It seems that there is also a difference between structural conditions and ideology. Citizens in liberal democracies, for example, in countries like this one, are increasingly losing their rights, and that is not just because of the famous war on terror, but that is simply the course of neoliberal developments. This happens both under social democratic governments and in governments from the other side.
This is a structure that is developing, and this structure in principle brings the citizens closer to the immigrants, whereas the ideological development, i.e. the ideologies that are now represented, are nationally oriented and tend to pull the two apart.
At the moment there are again very strong activities against immigration, anti-immigration resentments are rising again, and at times when both sides are actually getting weaker, one would think that they should come together to become stronger, but the opposite is the case Case.
Take the financial crisis, for example. The state is using massive amounts of tax money to strengthen the economy, especially to strengthen financial companies in the crisis. These are all signs of a strong state, and this can be seen from country to country. Take the US, for example, where $ 8 trillion has been used to bail out the banks. These are all national tax dollars that are being used there by American taxpayers.
The Citybank example illustrates this quite well: American tax money was used for this international banking system. On the one hand, however, 30 percent of it belongs to the United Arab Emirates together with Singapore, another 30 to 40 percent belongs to a mixture of different European shareholders, and the rest, American finances may also be involved.
And that is being referred to as saving the American market. In reality, however, it is a global financial system that is supported here, and that is really not economic nationalism as we understand it.
King: Ms. Sassen, you said: we citizens will lose rights. You describe this in your book "The Paradox of the National". According to your thesis, our long-established, democratic instruments such as parties, parliament, elections and trade unions are losing their importance. In its place have long since been replaced by executive administrative bodies, commissions and authorities. So if the citizen's voice counts less and less - what should we do?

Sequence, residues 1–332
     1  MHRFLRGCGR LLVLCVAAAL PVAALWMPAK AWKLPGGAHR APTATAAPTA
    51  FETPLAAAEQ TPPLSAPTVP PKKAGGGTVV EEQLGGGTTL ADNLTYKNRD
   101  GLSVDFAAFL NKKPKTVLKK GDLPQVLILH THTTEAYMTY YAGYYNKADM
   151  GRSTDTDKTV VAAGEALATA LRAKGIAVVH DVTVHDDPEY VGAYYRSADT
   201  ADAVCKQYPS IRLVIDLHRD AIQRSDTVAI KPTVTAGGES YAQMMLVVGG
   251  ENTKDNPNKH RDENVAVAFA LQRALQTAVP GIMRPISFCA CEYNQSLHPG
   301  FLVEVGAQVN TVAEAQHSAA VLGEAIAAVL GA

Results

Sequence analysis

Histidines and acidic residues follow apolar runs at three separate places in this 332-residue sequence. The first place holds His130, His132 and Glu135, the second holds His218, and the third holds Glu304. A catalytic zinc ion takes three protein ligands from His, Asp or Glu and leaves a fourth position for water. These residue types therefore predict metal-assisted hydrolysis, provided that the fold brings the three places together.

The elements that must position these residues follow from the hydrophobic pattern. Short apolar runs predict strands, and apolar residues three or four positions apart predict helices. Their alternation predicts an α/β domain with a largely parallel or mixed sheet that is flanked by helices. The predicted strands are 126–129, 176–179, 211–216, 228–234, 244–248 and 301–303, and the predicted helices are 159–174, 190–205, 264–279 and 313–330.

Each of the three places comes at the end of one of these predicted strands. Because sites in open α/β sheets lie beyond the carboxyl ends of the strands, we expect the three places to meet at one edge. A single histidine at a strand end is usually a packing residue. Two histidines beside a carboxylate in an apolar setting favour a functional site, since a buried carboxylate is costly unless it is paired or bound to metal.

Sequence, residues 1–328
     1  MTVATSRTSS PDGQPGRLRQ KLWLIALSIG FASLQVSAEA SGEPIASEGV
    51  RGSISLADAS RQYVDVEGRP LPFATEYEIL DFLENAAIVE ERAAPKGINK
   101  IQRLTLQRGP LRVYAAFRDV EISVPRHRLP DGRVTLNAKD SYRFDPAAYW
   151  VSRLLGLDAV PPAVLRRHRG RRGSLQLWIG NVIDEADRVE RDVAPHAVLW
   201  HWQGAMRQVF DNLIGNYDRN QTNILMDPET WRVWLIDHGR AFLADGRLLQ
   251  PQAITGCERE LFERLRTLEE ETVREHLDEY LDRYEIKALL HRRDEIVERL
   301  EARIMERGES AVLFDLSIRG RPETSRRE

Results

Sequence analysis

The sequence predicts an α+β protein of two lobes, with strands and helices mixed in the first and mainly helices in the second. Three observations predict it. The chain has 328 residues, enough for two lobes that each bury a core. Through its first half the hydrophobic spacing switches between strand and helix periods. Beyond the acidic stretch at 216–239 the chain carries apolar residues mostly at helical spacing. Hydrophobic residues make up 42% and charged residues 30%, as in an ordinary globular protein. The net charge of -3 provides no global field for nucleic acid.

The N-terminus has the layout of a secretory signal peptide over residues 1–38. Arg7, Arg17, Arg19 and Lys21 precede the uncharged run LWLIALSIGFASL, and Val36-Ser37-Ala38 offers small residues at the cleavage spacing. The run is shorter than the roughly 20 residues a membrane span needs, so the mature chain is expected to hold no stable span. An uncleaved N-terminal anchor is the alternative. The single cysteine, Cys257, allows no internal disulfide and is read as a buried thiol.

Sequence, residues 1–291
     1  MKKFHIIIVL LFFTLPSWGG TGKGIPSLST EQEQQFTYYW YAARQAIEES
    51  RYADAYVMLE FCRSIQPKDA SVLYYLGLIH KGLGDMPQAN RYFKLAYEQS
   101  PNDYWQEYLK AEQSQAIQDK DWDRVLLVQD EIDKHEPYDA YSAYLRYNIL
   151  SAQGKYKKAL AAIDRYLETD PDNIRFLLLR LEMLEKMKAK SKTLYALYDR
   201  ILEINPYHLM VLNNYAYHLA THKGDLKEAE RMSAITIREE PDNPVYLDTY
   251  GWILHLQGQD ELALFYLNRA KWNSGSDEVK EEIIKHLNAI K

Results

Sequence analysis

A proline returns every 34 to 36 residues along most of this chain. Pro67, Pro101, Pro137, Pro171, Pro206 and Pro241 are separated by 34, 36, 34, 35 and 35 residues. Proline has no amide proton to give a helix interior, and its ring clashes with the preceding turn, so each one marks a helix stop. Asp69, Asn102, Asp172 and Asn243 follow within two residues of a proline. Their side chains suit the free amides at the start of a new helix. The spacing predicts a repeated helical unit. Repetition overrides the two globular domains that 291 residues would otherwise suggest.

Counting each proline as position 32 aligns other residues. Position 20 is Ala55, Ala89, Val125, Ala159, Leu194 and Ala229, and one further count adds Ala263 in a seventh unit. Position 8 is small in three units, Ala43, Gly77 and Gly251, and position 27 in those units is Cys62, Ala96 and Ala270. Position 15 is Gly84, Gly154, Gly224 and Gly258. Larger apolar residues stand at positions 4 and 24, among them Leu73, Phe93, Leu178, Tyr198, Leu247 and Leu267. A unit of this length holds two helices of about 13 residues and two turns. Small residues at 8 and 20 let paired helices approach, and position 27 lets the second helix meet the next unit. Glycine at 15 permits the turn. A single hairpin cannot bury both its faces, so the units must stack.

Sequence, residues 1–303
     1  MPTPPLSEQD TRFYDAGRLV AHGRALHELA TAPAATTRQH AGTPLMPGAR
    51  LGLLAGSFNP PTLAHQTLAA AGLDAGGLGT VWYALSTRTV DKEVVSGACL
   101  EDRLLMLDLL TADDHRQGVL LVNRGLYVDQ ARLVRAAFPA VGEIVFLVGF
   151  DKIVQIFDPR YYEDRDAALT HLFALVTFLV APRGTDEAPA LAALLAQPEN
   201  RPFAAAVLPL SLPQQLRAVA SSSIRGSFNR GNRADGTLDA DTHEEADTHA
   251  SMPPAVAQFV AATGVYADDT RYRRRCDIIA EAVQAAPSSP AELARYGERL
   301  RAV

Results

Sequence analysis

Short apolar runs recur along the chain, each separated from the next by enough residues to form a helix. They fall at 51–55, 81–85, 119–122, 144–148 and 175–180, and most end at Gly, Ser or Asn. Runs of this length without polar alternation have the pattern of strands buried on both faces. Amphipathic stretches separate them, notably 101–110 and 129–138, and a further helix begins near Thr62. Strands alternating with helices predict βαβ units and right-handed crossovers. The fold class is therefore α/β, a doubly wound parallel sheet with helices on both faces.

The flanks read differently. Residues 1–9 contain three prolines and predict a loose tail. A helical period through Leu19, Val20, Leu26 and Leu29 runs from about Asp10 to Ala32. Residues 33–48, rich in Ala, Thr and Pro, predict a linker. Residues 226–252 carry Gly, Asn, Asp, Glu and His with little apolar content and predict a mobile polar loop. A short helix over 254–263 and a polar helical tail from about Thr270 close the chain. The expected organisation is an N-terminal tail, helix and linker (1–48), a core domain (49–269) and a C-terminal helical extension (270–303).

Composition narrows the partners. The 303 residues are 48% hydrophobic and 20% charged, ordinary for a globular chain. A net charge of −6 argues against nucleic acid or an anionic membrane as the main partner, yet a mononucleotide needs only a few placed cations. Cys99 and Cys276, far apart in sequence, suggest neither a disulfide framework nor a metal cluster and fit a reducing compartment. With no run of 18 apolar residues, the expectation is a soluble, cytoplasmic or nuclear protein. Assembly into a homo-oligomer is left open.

Sassen: This is a very complex topic and also in transition, I think, and you can perhaps also observe the emergence of a new development in politics, sometimes nationally and then perhaps also subnationally. There are, for example, new directions, organizations, endeavors, for example with regard to human rights, where work is done locally. This is a possible way for a new policy to address very specific issues in each country on an activist level. That varies from country to country, but it also repeats itself with the different facets of the respective country.
And this constant reappearance is something that these countries have in common, it is, so to speak, a globalization on a broad scale and now not in the sense of in a line, we are going through it on a financial path or something. And that occurs in different countries. And this emergence, I would say, is specific to this transition phase.
Another critical element has to do with the International Criminal Court. This has shown that it is no longer a matter of course for any dictator to escape the law. My particular concern is to make it clear that in principle every citizen is in a position to bring a dictator or a human rights violator to justice before the International Criminal Court. This development of human rights is still weak, but it is clear - and that is already certain - that these human rights will remain as a concept. This is a development that takes place in different stages, but which can definitely be observed.